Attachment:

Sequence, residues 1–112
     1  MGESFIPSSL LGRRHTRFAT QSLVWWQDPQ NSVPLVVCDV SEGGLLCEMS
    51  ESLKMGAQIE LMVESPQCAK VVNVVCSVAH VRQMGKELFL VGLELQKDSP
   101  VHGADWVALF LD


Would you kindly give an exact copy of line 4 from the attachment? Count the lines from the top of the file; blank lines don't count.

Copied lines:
   101  VHGADWVALF LD